New Collaborative Ventures with the Jubilee Center for Character and Virtues
Our center has participated in two important collaborative ventures with the JCCV this year.
The first was an international conference on character, virtue and citizenship hosted by Norio Ikeno, a Professor at Hiroshima University and Director of the Research Initiative for Developing Learning Systems (RIDLS), and Tazuko Aoki, a Professor at Okayama University. It was held at the Campus Innovation Center Tokyo, on the Tamachi campus of the Tokyo Institute of Technology, between the 23rd and 27th of July 2015.
The conference theme was “The Importance of Education for Virtue, Character, Moral and Social Responsibility: How do People learn them?” President Nakayama was invited as a keynote speaker to deliver a presentation entitled “On Improvements in Japanese Moral education.” Other keynote speakers included Professor James Arthur of the University of Birmingham, Director of The Jubilee Centre for Character and Virtues, and Professor Jon Davison, also of the University of Birmingham and The Jubilee Centre for Character and Virtues. President Nakayama enjoyed a friendly reunion with them.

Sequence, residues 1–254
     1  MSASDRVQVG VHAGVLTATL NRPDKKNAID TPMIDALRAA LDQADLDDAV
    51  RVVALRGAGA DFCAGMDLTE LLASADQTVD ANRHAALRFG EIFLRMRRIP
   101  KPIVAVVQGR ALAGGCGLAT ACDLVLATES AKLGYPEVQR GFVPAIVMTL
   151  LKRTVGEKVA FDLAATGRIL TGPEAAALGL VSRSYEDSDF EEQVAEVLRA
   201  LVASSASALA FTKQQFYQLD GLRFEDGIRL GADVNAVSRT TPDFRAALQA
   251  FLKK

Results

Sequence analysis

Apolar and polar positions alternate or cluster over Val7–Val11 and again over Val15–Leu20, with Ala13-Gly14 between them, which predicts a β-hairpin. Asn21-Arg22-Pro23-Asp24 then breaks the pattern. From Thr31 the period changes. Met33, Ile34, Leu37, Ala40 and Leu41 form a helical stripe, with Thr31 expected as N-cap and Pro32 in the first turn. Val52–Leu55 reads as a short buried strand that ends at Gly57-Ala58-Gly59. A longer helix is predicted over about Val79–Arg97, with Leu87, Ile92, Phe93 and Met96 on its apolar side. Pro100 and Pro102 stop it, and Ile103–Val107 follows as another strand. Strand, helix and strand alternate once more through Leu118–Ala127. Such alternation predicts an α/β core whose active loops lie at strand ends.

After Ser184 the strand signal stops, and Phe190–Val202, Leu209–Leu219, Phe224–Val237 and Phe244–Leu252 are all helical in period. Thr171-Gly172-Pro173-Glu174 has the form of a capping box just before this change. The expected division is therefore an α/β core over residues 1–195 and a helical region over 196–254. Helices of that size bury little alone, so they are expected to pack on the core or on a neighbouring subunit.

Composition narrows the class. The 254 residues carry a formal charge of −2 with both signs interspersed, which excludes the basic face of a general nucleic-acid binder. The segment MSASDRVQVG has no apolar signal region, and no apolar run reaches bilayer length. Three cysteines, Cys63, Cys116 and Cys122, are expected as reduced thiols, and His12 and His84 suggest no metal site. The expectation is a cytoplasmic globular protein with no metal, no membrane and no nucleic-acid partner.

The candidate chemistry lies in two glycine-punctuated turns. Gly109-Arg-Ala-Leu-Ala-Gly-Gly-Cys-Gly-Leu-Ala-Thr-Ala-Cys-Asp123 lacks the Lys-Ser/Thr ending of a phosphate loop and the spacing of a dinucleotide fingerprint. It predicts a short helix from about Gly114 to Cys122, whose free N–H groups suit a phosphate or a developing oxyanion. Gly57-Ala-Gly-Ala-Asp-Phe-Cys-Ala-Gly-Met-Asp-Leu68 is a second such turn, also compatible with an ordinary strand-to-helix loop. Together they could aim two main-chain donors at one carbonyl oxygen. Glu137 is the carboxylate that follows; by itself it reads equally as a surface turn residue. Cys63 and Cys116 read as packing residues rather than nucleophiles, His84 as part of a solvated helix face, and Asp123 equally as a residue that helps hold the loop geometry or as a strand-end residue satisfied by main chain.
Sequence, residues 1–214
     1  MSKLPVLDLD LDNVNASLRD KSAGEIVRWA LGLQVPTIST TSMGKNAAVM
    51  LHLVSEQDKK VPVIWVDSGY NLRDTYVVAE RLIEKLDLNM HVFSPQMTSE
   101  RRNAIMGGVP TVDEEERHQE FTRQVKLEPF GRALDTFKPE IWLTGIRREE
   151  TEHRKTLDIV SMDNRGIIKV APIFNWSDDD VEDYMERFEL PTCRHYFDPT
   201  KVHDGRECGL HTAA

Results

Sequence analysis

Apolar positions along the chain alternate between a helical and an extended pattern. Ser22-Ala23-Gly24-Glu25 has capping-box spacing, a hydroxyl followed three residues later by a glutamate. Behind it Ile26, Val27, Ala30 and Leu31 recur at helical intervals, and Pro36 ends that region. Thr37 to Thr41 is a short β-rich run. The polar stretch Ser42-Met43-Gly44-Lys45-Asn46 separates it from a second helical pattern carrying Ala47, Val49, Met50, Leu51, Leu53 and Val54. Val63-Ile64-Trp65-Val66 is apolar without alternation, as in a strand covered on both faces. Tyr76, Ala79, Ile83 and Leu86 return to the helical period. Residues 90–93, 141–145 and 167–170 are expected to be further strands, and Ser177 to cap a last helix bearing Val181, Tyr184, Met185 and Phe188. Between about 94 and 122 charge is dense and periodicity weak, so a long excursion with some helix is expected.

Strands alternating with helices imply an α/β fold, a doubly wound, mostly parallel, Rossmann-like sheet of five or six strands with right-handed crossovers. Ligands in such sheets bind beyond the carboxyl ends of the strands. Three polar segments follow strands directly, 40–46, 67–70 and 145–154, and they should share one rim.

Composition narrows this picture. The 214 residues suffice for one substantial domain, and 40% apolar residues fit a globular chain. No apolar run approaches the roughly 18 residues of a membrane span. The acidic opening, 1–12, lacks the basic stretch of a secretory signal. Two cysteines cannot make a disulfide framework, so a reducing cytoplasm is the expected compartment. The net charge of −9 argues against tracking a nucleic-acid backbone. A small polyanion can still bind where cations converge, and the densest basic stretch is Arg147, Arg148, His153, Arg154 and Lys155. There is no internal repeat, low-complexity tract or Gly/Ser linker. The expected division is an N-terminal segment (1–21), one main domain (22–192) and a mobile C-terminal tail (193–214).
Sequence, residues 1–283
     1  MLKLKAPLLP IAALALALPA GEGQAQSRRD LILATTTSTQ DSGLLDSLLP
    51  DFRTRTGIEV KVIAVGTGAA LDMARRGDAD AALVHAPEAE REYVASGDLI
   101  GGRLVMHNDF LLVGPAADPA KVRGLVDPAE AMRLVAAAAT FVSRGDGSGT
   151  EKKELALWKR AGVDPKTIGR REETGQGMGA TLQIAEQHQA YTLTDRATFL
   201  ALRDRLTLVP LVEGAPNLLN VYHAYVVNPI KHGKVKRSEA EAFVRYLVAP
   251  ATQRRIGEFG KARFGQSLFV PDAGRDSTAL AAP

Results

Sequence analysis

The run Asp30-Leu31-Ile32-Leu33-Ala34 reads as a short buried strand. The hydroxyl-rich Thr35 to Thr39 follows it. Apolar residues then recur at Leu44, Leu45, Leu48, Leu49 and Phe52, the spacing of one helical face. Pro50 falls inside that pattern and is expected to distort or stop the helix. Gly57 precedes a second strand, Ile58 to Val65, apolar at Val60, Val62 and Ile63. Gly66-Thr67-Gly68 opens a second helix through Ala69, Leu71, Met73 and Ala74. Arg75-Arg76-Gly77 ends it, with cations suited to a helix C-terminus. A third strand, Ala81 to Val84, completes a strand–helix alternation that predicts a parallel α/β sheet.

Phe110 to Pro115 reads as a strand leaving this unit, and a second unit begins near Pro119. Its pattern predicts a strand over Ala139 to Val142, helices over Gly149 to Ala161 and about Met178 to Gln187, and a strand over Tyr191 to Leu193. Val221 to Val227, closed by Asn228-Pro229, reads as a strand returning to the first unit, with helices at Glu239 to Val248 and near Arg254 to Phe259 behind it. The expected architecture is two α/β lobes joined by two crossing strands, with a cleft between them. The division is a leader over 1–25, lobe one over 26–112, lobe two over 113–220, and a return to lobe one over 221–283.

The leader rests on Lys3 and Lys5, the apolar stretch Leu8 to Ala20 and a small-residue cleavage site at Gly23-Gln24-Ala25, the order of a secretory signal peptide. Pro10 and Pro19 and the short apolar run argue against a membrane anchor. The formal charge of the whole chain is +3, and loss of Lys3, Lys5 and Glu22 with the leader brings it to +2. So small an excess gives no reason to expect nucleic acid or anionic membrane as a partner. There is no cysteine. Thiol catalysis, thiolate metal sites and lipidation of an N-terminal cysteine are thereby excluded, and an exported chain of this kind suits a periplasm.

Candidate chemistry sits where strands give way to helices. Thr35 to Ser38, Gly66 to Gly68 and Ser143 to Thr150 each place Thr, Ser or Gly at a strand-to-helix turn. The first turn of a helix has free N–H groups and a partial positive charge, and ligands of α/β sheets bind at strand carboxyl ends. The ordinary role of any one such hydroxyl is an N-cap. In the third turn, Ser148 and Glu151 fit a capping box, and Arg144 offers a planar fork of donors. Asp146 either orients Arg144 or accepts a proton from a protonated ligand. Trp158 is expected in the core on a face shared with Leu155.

The second venture was a lecture meeting with the JCCV, hosted by the CMSE at Reitaku University and the Moralogy Institute. This inspiring academic meeting was held on September 14th at Reitaku University, with more than 15 professors and researchers participating, and resulted in a lively exchange of opinions. The meeting began with an opening address by President Nakayama, and then Professor Masahide Ono delivered a brief lecture on the “Outline of Moralogy.” This was followed by an enlightening lecture, entitled “The theoretical and conceptual foundations of the Jubilee Centre”, from the main speaker, Kristján Kristjánsson, Professor of Character Education and Virtue Ethics at the Jubilee Centre and its Deputy Director. He explained the projects being undertaken by the JCCV, both those completed and those in progress, and illustrated the importance of character education with reference to his recent book, Aristotelian Character Education (Routledge, 2015). He compared instrumentalist and non-instrumentalist conceptions of character education, as well as dealing with problems concerning character education and other matters. An active question-and-answer session that passed all too swiftly concluded proceedings.
These activities did much to deepen the mutual understanding between the JCCV and the CMSE and there was mutual agreement on actively developing further collaborative ventures in the future.